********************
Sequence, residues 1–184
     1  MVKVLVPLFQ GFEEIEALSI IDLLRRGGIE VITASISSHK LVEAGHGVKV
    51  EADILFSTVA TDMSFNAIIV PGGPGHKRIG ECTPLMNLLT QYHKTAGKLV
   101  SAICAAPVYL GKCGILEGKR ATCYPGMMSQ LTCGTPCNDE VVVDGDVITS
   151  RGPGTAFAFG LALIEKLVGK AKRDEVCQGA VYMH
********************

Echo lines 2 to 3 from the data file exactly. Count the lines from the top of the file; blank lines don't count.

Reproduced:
     1  MVKVLVPLFQ GFEEIEALSI IDLLRRGGIE VITASISSHK LVEAGHGVKV
    51  EADILFSTVA TDMSFNAIIV PGGPGHKRIG ECTPLMNLLT QYHKTAGKLV